PaleoLab

Project: Camptosaurus

More Camptosaurus Logs: Summer 2005 | Spring 2005

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February 24, 2005 05:30 PM
posted by Yvonne Wilson

As I was outlining above the jacket, near the neck, I started finding something that looked to the naked eye like bone. Now it just so happens that the plaster used to fill in cracks and such on the dinosaurs can look just like bone under certain conditions. Turns out what I had found was plaster, but what in the world was it? I should have been away from any portion that needed to be repaired or patched with plaster.

I uncovered more or this dark plaster as I worked further from the body, but then it was suddenly covered by wire mesh and more plaster. Eureka! I had discovered the original skull that was mounted on this body. The skull outline is nearly impossible to make out, but this was how I found the mesh over it.

2-23-05 Camptosaurus outlining torso exposed wire net.JPG


If you look at this picture of Camptosaurus as it was originally mounted in 1925, you can see the head was bent back against the body. That skull outline, which is just a profile in plaster, is what they had covered up with wire and more plaster when they remounted the skeleton around 1934.

Camptosaurus original mount.jpg

The skull is now a scrappy version of its original appearance, unfortunately. They even drove nails through it to attach the wire mesh. For them, it was just something to cover up. I wish I could still have it all together, just for fun.

February 23, 2005 10:13 AM
posted by Yvonne Wilson

The second to last task before laying the case down is to completely outline the portion that will be removed. This outline is an etching, not just a drawn line. The purpose is to make it as easy as possible to get through the "wall" of the case once we lie it down. Afterward there is little holding the jacket in place. As I went around the torso I realized that the original mounters had left the lower (right) rib ends hanging out of the jacket. This is not safe. I decided to wrap another layer of plaster and burlap around the rib ends, leaving a little plaster buffer so they won't break.

Here you can see some of the experimental holes I drilled to find the extent of the rock within the mount:

2-23-05 Camptosaurus outlining torso pelvis.JPG


This is all that is left of the body:

2-23-05 Camptosaurus outlining torso edited.JPG


The plaster in some places is preposterously thick.

2-23-05 Camptosaurus outlining torso ribs post.JPG


As a filler material, they mixed wood shavings into the plaster. It lightens the case, but frustrates me. The airscribe has nothing to bite against (the wood just mooshes), a chisel likewise just crushes the fibers, so the only efficient way to get through this material is with a drill. But the drill doesn't like the wire mesh behind and within some sections, so I have to keep switching tools back and forth to find something that works. ARRRRRGH!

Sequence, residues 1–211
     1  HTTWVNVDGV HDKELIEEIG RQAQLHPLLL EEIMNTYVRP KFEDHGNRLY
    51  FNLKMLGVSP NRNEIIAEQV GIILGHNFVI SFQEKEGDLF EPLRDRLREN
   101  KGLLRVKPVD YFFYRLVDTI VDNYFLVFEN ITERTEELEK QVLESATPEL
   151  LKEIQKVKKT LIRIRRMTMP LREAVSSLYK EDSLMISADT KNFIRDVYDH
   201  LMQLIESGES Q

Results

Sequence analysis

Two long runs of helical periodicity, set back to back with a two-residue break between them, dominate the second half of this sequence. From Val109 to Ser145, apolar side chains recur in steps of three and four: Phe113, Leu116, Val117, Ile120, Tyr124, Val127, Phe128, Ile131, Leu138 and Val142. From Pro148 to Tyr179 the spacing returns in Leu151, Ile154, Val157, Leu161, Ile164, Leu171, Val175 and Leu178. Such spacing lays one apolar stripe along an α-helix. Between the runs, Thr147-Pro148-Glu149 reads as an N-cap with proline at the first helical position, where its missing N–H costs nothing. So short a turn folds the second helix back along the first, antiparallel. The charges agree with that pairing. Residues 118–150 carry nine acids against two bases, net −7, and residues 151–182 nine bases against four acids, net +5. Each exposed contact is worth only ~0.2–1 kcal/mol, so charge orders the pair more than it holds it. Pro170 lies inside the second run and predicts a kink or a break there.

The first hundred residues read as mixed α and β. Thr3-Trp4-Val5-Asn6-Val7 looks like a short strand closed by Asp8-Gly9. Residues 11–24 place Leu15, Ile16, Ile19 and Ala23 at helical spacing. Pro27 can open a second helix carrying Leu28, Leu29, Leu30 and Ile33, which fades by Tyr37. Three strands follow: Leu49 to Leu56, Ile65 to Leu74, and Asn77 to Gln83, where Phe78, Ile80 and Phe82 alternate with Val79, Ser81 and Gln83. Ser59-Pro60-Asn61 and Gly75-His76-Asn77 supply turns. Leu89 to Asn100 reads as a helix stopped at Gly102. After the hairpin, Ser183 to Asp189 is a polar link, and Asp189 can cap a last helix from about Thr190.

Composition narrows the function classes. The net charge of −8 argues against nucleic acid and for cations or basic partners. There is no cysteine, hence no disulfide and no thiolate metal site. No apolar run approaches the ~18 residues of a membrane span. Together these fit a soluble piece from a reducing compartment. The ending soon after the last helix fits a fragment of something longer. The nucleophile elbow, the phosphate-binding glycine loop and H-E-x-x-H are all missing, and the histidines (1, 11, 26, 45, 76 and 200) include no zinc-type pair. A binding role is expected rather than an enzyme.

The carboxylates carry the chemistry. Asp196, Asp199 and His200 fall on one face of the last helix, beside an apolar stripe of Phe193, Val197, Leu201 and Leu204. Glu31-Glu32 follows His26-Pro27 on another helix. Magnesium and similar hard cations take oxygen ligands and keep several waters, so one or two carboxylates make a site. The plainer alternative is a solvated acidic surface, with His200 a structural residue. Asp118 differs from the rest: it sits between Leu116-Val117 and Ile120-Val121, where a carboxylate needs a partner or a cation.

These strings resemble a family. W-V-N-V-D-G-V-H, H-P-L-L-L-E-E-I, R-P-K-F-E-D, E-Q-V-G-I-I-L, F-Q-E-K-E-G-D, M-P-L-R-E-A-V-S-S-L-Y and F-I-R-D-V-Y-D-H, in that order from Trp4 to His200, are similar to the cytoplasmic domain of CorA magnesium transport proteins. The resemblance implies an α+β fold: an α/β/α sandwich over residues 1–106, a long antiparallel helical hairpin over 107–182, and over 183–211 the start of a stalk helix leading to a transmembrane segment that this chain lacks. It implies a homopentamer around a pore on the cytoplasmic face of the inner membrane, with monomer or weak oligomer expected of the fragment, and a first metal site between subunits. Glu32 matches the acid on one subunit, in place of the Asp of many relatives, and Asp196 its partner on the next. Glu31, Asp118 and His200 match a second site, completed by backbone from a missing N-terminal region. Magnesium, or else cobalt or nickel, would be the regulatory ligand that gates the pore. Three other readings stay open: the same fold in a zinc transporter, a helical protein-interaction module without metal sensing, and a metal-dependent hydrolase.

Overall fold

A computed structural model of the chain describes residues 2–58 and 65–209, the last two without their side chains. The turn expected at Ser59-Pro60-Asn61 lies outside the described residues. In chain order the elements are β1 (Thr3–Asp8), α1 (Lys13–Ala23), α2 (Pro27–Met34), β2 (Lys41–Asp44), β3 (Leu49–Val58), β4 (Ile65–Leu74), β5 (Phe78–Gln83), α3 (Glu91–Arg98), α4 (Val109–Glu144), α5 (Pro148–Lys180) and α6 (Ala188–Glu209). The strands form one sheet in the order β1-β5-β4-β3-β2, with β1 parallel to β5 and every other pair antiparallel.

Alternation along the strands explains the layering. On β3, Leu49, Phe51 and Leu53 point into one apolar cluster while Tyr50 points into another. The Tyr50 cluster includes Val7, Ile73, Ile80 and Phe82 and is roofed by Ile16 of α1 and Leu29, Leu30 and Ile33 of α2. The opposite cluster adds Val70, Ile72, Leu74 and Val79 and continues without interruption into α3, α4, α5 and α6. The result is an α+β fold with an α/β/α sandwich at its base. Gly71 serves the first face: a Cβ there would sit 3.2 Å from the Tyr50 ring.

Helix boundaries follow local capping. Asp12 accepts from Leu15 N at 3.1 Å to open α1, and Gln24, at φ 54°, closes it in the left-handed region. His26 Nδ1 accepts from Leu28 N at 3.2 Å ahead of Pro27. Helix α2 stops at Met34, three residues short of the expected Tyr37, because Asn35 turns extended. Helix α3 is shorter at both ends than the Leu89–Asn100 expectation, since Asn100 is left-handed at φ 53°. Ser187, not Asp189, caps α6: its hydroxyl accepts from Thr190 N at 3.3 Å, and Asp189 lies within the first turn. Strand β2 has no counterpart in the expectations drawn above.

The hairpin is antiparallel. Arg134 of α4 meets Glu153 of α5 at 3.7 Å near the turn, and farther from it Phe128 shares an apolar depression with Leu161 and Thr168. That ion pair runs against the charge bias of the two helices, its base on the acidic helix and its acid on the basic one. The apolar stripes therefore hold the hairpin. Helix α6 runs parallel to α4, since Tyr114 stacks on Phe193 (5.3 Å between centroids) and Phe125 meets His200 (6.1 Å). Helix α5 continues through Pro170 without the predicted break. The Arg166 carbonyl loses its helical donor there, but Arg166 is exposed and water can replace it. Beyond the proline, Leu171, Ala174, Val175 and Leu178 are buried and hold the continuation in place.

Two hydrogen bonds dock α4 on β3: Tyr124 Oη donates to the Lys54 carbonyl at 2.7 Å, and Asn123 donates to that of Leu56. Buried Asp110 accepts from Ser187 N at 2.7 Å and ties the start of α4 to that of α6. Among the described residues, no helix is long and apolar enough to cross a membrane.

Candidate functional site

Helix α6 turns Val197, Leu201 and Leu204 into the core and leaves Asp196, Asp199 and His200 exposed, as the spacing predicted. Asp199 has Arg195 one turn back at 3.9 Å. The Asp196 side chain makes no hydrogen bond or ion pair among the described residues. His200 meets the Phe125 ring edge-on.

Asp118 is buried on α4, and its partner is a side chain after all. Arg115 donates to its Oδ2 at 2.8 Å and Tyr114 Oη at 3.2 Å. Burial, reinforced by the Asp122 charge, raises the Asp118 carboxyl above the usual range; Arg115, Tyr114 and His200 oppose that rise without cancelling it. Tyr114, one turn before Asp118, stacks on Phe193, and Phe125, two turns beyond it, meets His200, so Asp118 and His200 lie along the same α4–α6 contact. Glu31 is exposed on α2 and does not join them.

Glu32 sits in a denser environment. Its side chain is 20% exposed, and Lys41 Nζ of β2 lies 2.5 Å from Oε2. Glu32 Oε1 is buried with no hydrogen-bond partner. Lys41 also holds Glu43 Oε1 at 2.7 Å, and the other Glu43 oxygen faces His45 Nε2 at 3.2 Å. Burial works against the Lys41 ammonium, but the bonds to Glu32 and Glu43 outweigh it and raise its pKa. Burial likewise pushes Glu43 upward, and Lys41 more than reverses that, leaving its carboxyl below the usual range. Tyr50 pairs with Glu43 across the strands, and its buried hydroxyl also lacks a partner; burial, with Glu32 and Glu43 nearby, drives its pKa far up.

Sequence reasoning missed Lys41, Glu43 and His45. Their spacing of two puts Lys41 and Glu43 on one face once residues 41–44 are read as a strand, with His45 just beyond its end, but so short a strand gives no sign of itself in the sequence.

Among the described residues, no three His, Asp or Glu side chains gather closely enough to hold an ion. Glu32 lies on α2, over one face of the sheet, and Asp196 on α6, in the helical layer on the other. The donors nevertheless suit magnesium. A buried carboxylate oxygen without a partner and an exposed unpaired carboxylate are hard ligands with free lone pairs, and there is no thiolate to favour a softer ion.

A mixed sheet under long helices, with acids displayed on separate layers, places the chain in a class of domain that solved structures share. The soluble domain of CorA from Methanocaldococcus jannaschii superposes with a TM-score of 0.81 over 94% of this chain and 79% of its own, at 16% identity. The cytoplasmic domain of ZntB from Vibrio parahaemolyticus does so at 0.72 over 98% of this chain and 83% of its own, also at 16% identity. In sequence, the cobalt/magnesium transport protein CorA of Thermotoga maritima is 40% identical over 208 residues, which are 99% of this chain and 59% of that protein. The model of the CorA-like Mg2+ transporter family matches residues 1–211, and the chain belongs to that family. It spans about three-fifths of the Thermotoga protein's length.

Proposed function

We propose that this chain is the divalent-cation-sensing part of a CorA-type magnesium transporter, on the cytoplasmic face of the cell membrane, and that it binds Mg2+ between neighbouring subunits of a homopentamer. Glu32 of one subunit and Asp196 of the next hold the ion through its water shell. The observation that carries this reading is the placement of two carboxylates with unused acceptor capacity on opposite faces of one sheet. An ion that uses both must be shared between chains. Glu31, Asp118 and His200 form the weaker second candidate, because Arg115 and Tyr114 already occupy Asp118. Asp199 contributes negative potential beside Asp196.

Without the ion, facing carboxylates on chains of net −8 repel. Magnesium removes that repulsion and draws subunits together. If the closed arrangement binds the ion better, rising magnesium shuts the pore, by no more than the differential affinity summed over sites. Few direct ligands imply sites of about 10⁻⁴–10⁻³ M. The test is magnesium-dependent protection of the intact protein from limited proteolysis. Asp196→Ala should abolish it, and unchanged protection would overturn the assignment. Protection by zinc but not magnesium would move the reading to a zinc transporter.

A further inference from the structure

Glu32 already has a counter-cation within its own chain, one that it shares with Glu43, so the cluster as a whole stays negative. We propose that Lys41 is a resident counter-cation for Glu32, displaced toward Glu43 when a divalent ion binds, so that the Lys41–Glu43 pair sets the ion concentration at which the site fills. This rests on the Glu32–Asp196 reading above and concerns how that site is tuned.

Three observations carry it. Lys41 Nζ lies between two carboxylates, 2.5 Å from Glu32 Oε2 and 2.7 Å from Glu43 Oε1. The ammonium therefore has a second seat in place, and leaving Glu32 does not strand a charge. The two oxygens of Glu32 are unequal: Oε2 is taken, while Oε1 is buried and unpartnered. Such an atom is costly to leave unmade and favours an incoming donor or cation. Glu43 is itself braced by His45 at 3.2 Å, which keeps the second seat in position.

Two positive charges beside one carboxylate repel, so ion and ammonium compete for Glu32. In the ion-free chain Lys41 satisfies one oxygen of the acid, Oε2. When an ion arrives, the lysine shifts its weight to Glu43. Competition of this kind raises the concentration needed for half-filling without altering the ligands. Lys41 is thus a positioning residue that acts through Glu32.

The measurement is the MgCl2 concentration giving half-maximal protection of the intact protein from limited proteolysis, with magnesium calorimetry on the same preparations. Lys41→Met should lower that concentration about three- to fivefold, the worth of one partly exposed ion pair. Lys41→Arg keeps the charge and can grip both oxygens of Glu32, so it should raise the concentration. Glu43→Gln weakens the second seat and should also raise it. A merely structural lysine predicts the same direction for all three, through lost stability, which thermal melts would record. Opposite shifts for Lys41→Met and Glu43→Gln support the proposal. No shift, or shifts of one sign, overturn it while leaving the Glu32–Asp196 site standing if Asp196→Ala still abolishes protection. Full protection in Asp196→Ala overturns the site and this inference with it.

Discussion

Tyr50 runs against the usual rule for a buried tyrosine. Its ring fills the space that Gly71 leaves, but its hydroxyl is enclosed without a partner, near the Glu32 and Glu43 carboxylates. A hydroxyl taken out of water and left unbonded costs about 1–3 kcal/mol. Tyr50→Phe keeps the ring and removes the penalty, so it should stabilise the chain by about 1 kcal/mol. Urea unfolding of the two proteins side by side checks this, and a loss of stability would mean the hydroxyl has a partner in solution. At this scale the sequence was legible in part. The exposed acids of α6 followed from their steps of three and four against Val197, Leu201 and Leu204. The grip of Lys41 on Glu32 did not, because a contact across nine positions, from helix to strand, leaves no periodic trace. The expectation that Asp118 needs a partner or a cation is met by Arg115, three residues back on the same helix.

The confounded wood shavings:

2-23-05 Camptosaurus outlining torso filler fibers.JPG

February 13, 2005 04:44 PM
posted by Yvonne Wilson

Back to business on the tail. My arms have had their day's rest. Because it is a largish block of tail vertebrae, it takes a while to etch all the way around it. I had to define where the real rock ended and the plaster started.

And though they are fake, it was still emotionally difficult to cut right through the portion of the tail that we shall discard. This part is just sculpted as relief elements straight onto the plaster wall.

You can see the backing wire mesh showing through on the left, and where I had to cut through the fake tail parts near the bottom of the picture.

2-11-05 Camptosaurus caudals removal 2.JPG


Finally, after also cutting through a metal rod embedded in the plaster, the block of tail vertebrae comes out in one piece. Free at last! Notice that the central four vertebrae are connected at the top by a higher grey lump. This lump is the real, cement-hard rock. The other vertebrae are mostly held together by plaster. Thus the first and last bones will be much easier to deal with than the central vertebrae in this block. Cross your fingers for me. The neural spines are long, thin, and fragile. These are the blades that stick up on each bone -- you can feel one on your own backbone if you touch where your neck meets your back.

2-11-05 Camptosaurus 4-13 caudals lat.JPG


And today, Allen removed the ribs that are not embedded in the rock. They, like the shoulder blade, are supported by a metal rod protruding from the back wall. Each rib is very fragile, and the 80-year-old plaster tends to break often. The plaster I refer to here is what the oldtime preparators used to glue together the broken rib pieces. So many of the old breaks are rebreaking as we handle the material. This view shows the rod supporting the brown ribs.